Roque: We could've 'done better' by expanding COVID-19 testing capacity in January

Bella Perez-Rubio - Philstar.com
Roque: We could've 'done better' by expanding COVID-19 testing capacity in January
File photo shows presidential spokesperson Harry Roque.
The STAR / Joven Cagande

MANILA, Philippines — Malacañang on Thursday admitted that it could have increased the country's capability to test for the novel coronavirus disease months sooner.

"If I were to look back, what we could have done better, maybe, is when we had our first imported case of COVID-19, we broadened our testing capacity right away," Presidential spokesperson Harry Roque said in a mix of English and Filipino.

Roque further acknowledged that it took the government some time to increase the number of laboratories capable of testing for the disease but said that it has since bumped up the number of labs to over 70. Latest data from the health department shows 78 accredited COVID-19 laboratories.

The Department of Health confirmed the first case of the deadly disease as early as January 30 —a female tourist from Wuhan City, China where the virus first broke out in 2019.

On January 29, the department announced that it was capable of testing for the disease, with Health Secretary Francisco Duque III saying "for the first round of testing, we are adequately supplied."

Since then, the government has repeatedly failed to meet its testing goals and has been unclear on whether their goals refer to testing capacity or the actual number of tests being conducted per day. 

'Expanded targeted testing' timeline 

In April, the government set a goal of 8,000 tests per day by the end of month but subsequently missed the deadline. It reached a testing capacity of over 8,000 on May 10.

Roque in May claimed that 32,100 tests were being administered per day — exceeding the then capacity goal of 30,000 — but later walked back the comment saying that he was referring to testing capacity and not actual tests performed.

Data from the health department showed that the government was conducting less than 10,000 tests per day at the time.

By June, Metro Manila was put under general community quarantine (GCQ) against the recommendations of UP researchers, who said more testing needed to be done before restrictions were loosened.

On June 25, an official of the National Task Force against COVID-19 said that the Philippines had met its daily testing capacity goal of 50,000.

"Our goal of 50,000 testing capacity, our ability to test as of June 30, was exceeded on June 19," NTF Deputy Chief Implementer Vince Dizon said during a Palace briefing.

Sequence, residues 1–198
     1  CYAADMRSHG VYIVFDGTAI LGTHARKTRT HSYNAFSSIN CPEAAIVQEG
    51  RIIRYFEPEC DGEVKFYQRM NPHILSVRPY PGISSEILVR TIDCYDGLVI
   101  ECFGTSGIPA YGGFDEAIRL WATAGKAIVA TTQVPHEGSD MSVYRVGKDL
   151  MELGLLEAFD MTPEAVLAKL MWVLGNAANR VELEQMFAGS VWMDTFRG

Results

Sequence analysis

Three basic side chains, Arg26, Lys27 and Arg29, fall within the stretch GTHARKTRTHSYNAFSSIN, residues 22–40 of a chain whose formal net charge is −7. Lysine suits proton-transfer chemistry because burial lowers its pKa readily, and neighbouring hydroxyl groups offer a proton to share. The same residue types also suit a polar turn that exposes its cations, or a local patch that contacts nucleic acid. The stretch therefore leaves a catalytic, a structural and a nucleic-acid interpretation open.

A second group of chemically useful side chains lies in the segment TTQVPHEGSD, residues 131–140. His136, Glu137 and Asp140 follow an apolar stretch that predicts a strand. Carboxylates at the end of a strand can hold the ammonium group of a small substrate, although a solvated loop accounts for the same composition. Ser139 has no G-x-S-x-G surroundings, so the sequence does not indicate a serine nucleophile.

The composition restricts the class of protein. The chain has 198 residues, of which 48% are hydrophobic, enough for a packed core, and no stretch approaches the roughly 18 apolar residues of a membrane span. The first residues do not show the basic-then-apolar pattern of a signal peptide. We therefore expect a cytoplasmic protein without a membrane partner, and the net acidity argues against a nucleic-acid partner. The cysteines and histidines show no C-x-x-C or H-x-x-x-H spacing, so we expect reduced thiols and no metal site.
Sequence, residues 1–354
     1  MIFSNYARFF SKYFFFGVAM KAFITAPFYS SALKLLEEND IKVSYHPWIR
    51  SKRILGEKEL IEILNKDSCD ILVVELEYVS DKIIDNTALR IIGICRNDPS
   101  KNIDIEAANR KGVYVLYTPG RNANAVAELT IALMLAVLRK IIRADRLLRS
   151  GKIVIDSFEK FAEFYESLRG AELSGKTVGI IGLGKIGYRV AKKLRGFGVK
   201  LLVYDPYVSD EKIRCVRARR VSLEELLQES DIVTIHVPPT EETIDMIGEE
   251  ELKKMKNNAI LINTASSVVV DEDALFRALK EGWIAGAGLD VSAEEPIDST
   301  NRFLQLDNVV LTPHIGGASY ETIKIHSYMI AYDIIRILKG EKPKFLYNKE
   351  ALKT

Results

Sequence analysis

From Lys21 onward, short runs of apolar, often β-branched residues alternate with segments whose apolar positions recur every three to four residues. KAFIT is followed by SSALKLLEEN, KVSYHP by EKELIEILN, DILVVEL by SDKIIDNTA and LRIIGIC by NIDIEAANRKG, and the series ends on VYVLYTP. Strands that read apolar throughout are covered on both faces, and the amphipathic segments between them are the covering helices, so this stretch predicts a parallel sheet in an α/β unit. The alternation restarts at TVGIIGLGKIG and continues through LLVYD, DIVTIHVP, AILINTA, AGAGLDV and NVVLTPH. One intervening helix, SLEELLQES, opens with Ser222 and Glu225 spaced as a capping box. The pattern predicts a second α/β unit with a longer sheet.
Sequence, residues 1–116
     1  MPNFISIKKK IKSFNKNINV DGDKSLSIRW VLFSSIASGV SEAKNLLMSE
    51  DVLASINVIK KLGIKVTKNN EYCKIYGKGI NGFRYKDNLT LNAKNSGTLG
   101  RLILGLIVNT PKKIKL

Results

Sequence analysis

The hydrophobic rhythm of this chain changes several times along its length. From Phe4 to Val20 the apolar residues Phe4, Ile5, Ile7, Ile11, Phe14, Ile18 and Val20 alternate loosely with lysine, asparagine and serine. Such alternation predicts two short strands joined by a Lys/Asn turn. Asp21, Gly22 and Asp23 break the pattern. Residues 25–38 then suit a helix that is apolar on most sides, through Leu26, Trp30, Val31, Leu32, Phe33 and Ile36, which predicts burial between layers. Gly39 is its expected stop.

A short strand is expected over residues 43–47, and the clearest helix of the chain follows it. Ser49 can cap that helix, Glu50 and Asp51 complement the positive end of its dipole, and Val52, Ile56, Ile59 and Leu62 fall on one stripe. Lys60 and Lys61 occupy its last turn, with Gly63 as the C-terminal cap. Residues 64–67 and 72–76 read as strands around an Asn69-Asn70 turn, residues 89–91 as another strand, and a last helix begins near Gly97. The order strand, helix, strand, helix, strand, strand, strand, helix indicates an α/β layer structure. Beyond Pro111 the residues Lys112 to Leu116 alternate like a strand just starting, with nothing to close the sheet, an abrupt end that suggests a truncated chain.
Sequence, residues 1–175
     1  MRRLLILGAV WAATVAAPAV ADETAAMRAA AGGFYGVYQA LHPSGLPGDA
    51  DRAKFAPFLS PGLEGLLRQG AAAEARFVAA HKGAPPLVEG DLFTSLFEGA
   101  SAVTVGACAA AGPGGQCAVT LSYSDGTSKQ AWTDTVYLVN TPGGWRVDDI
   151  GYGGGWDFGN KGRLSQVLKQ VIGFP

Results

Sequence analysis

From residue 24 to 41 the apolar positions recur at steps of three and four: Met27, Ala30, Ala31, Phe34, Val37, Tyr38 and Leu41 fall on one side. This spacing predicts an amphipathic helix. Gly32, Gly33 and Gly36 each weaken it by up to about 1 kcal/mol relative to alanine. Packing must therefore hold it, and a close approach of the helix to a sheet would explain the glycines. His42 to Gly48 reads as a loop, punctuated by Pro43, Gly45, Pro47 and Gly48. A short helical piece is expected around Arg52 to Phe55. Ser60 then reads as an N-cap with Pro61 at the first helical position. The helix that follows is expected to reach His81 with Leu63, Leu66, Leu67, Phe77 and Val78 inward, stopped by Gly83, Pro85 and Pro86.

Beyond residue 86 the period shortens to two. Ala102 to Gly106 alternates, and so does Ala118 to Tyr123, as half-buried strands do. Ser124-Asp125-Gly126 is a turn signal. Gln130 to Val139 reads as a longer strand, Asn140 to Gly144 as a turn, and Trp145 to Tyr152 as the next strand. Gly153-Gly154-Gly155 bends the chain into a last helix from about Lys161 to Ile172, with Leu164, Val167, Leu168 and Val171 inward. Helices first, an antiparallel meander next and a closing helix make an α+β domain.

However, he clarified that the actual number of tests being conducted per day was at 16,000 — less than a third of the projected capacity.

When the government announced the 50,000 daily testing capacity goal, it had yet to actually demonstrate its previous capacity goal of 30,000 tests per day.

Despite the COVID-19 task force's recent approval of a plan to boost testing in the country in the coming months, the health department is racing against the clock just to achieve its more modest testing goals for the month.

Health Undersecretary Maria Rosario Vergeire in June said her department aims to test around 1.63 million Filipinos—about 1.5% of the population—by the end of July.

To achieve this goal, the government would have to double the number of tests it has conducted so far in less than a month.

Data from the health department shows that only 823,372 Filipinos — about 0.75% of the population — have been tested as of July 7.

This is in stark contrast to the government's plan to test 10 million Filipinos — about 9% of the population — in the coming months.

The department on Thursday logged a total of 51,359 novel coronavirus cases and a record-high of 2,539 new infections on Wednesday. 

This, only days after the previous record-breaking high of 2,434 on Sunday, and another 2,099 infectecions on Monday.

More testing, isolation needed

Roque last week celebrated "beating" a forecast made by researchers from the University of the Philippines which estimated a total of 40,000 cases in the country by the end of June.

On June 30, the official health department tally stood at around 38,000, with Roque claiming that only about 1,000 backlogged cases remained.

Sunday's tally alone saw 1,287 cases coming from the national backlog.

The health department on Monday clarified that it still has backlogs of around 8,000 cases.

A researcher from the University of the Philippines on Tuesday warned that COVID-19 cases could breach 100,000 in the country by the end of August.

"Based on what I saw, the trend will increase even more, over 100,000 if we don't change our system and the way we handle the pandemic," mathematics professor Dr. Guido David, a member of the UP OCTA Research group told ABS-CBN in Filipino.

Guido added that his group's working model now predicts at least 65,000 infections in the country by the end of July.

This new figure forecasts at least 5,000 more cases than the UP research group's previous working model for the same month.

To curb the spike in cases, Guido recommended that the government tighten borders and isolate those who tested positive for the virus in facilities instead of making them undergo home quarantine, which he called ineffective.

He also reiterated the need for more testing in the country.

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